Colorado health care costs increase fourfold in 20 years, says report
Nov 16, 2015, 7:29pm MST Updated Nov 16, 2015, 7:31pm MST
Coloradans spend slightly more on hospital care than they do on preventative care, lower-severity physician services and prescription drugs combined, despite recent efforts to contain hospital costs, according to a report Monday from a commission seeking ways to reduce health-care spending in the state.
The report ( download here) says that as of 2013, personal health care costs in Colorado stood at $36.3 billion, more than four times the level of two decades ago. Just since 2000, that spending is up 122.7 percent — 3.7 times the rate of inflation in the state.
The 327 percent increase in Colorado personal health care expenditures in 20 years compares to a 216 percent rise nationwide, the report says.
Members of the Colorado Commission on Affordable Health Care, approved in 2014 through a bipartisan bill, did not offer specific recommendations in the report that was sent to Gov. John Hickenlooper and legislative health care leaders on how to bring down spending.
But they laid out a number of specific cost drivers and said they hope to produce recommendations that impact the total cost of care in a final report in June 2017 — if the Legislature agrees to fund their work one more year.
Bill Lindsay, president of the Lockton Benefit Group in Denver and chairman of the commission, said in an interview that many of the broad conclusions in this initial report will come with little surprise. But he said it is important to lay them out for legislators — and to show that observations and eventual recommendations will be based upon quantifiable data.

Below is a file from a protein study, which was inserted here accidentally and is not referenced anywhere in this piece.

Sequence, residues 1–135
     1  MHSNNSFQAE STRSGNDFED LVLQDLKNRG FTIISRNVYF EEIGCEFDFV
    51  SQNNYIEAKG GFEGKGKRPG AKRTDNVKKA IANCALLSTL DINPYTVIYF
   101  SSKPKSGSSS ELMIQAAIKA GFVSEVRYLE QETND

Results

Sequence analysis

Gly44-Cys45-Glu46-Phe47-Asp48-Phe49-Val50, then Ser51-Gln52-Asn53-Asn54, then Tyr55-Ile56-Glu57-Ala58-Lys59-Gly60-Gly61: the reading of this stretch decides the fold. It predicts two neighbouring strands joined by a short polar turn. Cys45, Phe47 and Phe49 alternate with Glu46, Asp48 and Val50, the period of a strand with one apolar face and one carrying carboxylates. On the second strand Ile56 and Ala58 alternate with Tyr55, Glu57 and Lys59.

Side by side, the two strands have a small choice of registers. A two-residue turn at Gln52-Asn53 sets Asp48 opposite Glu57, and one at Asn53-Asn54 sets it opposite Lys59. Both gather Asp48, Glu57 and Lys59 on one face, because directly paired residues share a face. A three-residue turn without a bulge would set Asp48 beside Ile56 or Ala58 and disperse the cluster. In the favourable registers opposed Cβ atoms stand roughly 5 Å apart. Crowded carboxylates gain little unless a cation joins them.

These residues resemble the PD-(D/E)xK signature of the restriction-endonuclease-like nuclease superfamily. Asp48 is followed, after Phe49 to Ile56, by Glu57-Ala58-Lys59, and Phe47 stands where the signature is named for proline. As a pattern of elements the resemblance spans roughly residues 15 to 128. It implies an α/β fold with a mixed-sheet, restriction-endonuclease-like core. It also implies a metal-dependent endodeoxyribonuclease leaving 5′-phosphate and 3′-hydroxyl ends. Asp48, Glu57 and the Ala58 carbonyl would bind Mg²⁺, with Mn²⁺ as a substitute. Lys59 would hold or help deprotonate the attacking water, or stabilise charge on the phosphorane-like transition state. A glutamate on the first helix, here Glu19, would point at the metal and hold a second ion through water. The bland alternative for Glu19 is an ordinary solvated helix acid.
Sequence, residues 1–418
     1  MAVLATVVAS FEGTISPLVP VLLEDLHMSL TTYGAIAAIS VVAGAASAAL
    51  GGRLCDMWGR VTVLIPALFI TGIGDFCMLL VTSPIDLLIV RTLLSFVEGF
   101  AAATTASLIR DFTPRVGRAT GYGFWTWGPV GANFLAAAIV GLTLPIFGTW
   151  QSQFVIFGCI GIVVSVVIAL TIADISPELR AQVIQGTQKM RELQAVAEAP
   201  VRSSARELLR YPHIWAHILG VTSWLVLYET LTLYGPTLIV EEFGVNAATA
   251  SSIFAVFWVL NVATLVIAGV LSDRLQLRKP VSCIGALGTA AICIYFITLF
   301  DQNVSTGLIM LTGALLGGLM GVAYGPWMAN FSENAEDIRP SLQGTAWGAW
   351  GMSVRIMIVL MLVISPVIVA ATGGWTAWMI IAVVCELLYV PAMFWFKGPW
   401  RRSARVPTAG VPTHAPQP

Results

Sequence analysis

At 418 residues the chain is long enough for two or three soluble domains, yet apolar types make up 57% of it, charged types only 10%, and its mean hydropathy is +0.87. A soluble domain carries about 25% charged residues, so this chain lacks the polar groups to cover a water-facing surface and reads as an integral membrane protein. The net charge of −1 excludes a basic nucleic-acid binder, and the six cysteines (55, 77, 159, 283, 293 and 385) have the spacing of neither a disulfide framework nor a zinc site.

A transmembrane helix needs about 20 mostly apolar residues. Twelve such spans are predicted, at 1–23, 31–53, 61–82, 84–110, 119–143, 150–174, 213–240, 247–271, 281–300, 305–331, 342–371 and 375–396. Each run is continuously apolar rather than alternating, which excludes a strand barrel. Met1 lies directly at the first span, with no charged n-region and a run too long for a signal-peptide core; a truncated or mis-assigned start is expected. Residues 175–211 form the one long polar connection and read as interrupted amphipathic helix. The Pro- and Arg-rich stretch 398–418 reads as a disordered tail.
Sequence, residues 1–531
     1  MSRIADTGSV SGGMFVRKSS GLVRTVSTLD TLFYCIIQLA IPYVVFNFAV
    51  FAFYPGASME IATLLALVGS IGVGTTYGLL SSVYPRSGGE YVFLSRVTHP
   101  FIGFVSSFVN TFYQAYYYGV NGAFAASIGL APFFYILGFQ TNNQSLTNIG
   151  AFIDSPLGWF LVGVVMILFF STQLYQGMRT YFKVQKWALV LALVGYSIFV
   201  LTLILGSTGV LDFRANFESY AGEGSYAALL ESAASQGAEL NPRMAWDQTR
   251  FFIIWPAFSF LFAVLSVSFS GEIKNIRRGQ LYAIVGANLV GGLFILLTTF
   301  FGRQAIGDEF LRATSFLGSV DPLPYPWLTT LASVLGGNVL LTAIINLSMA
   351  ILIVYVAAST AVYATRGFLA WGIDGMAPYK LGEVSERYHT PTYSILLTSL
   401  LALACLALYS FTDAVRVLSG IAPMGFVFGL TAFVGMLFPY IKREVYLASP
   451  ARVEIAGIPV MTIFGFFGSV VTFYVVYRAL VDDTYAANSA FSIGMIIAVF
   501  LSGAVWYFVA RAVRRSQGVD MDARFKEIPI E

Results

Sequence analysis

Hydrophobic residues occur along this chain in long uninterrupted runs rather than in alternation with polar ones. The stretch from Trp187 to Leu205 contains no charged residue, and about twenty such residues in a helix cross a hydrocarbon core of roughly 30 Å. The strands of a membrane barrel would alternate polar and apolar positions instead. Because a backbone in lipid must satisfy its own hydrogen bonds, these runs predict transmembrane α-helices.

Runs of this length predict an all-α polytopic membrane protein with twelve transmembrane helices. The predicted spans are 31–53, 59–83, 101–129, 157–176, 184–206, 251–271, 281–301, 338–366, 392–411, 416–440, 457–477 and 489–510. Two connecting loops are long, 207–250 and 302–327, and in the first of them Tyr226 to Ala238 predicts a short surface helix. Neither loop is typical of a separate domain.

“It’s no surprise to anybody that hospitals are one of the biggest drivers of cost in the health care system,” Lindsay said. “Part of what we are focusing on is rules, laws, regulations. But part of it is the rules of the market too.”
Of all types of health care spending, hospital care accounts for $13.5 billion, or 37 percent of the total. Physician and clinical services, meanwhile, make up $9.6 billion (27 percent), while prescription drugs and other non-durable medical products account for $3.8 billion (10 percent).
Many of the recent efforts by government and private insurers to reduce health-care spending have been focused on hospital practices, including penalties for excessive re-admission of patients and a movement of patients from emergency care to outpatient care.
That has helped to slow the growth of health care spending to an annual rate of 3.6 percent between 2010 and 2013, the report stated.
But spending nationally remains at a level of 16.4 percent of gross domestic product — up from 4.6 percent in the year 1960. And spending per person has increased 175 percent since 1991, the report said.
Spending on Coloradans aged 65 and older is rising more quickly than for any other age group, according to the report. Consequently, spending on home health care, while just 2 percent of the overall spending in this state, is going up by a greater percentage than any other type of health-care spending in Colorado, it added.
Commission members now are completing the discovery and assessment phase of their work, which is to be followed by evaluations and then recommendations to the Legislature, Lindsay said.
He hopes Monday’s report convinces members of the Legislature, which is trying to close a $373 million budget shortfall for next year, that the group’s work is valuable enough to continue.
“Just as no single driver is responsible for our high and rising health care costs, no single policy solution will be adequate to meet this challenge,” the report states. “The commission must take time to carefully evaluate the data and evidence to understand the effects of any of its final policy recommendations.”
Ed Sealover covers government, health care, tourism, airlines, hospitality and restaurants for the Denver Business Journal and writes for the "Capitol Business" blog. Phone: 303-803-9229.